It is also, of course, emotionally raw. Thompson is at times breathless not just from the effort of repeatedly taking a sledgehammer to salt (there is more to the show than this by the way) but the weight of it all too. The sheer, physical weight of a lifetime of racism and a centuries-old system which is not gone but all too easily forgotten.

And ultimately it's the rawness of her emotion that makes this work so impressive. Her vulnerability is a weapon and a shield. She stands alone, boldly claiming a space in a world that would – as her journey at times brings into painfully sharp relief – have her disappear.

She peels back her skin and says, Here. Look. This is how my insides are.

That takes courage of the highest order. And what is art if not the junction at the crossroads of courage and vulnerability?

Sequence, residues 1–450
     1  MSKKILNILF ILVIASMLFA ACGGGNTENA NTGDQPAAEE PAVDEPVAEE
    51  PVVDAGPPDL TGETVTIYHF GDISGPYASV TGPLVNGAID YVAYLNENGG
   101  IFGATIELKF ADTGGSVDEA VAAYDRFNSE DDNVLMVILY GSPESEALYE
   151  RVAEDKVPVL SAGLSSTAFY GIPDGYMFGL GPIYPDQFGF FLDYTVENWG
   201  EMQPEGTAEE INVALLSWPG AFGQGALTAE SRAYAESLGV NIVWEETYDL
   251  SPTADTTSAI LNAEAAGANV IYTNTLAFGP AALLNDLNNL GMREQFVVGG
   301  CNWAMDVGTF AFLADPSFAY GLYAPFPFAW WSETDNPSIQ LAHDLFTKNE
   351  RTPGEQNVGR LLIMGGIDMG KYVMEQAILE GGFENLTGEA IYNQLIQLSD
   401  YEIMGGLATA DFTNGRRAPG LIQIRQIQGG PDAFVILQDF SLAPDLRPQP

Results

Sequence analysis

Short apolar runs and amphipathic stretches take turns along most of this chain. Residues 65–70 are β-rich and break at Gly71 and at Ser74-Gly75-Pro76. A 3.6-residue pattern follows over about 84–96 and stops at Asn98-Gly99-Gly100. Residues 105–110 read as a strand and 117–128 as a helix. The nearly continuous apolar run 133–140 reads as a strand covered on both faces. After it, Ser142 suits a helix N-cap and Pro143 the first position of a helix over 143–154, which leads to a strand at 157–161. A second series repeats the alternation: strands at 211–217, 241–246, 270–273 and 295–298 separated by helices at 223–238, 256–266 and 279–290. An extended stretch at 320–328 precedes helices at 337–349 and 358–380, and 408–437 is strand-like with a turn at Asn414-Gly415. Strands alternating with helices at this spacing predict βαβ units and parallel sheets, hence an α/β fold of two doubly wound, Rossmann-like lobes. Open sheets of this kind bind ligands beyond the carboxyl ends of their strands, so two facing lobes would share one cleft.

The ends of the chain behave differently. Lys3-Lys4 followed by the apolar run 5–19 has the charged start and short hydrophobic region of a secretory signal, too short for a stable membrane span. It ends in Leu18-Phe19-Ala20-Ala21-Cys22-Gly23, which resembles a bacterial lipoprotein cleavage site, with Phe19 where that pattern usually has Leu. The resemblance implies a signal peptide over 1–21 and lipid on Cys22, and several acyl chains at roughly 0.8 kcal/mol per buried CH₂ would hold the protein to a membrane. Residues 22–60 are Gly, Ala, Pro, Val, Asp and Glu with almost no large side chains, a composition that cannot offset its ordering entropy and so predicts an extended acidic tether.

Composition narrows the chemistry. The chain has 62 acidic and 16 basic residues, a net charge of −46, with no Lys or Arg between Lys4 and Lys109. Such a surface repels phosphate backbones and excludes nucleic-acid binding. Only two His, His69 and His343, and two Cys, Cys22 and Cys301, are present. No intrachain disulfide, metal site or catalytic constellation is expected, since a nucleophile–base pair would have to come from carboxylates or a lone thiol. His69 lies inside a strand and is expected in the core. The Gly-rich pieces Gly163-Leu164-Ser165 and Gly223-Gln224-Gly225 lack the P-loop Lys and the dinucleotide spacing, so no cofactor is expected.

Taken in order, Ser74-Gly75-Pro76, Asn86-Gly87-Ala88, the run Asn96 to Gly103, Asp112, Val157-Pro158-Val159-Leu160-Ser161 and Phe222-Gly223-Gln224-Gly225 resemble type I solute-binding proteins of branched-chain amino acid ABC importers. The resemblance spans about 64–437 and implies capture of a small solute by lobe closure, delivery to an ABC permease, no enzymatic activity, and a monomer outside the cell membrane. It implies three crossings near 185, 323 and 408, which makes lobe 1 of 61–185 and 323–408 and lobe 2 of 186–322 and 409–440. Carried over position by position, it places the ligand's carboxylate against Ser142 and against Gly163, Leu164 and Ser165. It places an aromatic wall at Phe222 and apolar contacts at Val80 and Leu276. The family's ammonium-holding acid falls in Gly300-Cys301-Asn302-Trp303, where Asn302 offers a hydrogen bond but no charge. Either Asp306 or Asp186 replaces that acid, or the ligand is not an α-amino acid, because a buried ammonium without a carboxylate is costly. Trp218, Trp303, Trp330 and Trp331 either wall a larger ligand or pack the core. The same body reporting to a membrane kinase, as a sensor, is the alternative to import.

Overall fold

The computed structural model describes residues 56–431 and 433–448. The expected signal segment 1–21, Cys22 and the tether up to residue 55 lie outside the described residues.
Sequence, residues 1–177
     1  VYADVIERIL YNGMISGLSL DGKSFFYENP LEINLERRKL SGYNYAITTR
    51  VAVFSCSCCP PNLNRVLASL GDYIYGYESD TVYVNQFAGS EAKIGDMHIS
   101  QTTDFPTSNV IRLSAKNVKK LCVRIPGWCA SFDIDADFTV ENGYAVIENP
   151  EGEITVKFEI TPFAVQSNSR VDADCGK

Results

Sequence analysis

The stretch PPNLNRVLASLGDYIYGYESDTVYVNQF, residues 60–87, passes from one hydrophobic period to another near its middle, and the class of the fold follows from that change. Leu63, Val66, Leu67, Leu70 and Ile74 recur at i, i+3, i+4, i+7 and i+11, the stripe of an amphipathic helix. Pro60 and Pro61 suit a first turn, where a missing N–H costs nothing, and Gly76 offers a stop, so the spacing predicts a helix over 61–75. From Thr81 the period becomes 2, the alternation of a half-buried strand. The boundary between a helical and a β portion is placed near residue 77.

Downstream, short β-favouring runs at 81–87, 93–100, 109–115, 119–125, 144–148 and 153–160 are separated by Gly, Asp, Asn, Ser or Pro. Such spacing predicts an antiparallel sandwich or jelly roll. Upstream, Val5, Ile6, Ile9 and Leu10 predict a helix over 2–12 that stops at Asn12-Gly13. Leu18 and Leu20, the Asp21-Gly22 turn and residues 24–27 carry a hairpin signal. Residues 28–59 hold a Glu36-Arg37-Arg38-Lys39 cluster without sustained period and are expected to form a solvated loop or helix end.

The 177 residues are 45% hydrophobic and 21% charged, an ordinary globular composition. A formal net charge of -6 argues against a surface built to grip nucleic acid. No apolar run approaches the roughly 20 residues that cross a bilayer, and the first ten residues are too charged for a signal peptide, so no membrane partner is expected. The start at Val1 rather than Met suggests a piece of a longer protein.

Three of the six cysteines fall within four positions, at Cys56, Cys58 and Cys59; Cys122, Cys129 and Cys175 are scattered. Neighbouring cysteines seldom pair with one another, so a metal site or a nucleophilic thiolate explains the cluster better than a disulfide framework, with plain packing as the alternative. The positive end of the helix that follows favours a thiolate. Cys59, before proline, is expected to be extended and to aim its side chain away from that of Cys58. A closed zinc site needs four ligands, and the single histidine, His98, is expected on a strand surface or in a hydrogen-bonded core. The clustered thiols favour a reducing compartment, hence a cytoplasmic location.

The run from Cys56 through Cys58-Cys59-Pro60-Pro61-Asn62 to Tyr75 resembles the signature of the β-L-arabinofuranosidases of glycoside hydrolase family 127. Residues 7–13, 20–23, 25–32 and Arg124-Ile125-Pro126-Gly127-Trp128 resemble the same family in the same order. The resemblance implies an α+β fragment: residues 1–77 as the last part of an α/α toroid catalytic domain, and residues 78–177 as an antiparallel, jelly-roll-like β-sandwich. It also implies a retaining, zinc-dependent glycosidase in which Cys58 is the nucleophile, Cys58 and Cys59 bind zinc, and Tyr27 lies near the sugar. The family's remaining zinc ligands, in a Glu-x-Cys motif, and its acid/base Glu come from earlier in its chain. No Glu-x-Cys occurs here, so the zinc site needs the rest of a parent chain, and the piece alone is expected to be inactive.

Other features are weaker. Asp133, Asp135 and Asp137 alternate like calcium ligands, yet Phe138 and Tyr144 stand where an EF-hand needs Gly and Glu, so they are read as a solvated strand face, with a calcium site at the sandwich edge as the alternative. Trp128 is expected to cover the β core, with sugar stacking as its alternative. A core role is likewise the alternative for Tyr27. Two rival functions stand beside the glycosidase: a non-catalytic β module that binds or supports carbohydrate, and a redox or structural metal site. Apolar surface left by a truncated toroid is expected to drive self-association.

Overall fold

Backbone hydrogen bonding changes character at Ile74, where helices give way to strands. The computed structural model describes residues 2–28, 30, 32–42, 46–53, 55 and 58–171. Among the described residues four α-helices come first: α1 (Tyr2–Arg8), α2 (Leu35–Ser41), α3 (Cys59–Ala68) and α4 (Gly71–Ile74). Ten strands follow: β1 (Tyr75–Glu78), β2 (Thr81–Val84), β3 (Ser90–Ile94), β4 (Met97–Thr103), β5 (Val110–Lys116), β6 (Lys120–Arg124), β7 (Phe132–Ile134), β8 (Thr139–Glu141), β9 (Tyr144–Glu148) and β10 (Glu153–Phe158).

Despite any theatrical polish she may yet apply, Thompson's show is unforgettable.

Selina, we salute you. Keep doing what you're doing.

First published on theworldislistening.co.uk

Let it breathe

Grandma's hand

My Grandmother wasn't the most affectionate woman. Her love ran deep but its journey through and out of her was less than straightforward.

I used to dread a visit to the shops. She'd grip my hand so tightly when we crossed the road that it hurt and frightened me. As a child I didn't understand why she squeezed so hard. As an adult the answer seems obvious: her grip was born of love but ruled by fear.

I sometimes wonder if my creative projects can relate.

The thing

I'm making a documentary which has my family at its centre. For over a decade it lived inside me as an idea but it's now taking shape. It has become a thing.

Heading up a tiny but talented team, I have to take this thing (footage from three weeks in Jamaica, where my brother and I grew up) and shape it into a story. Needless to say I've had my fair share of fears about pulling it off.

Sometimes these fears manifest themselves as an inability to let go, an unwillingness to accept help or even admit that I need it. But a recent light bulb moment changed all that.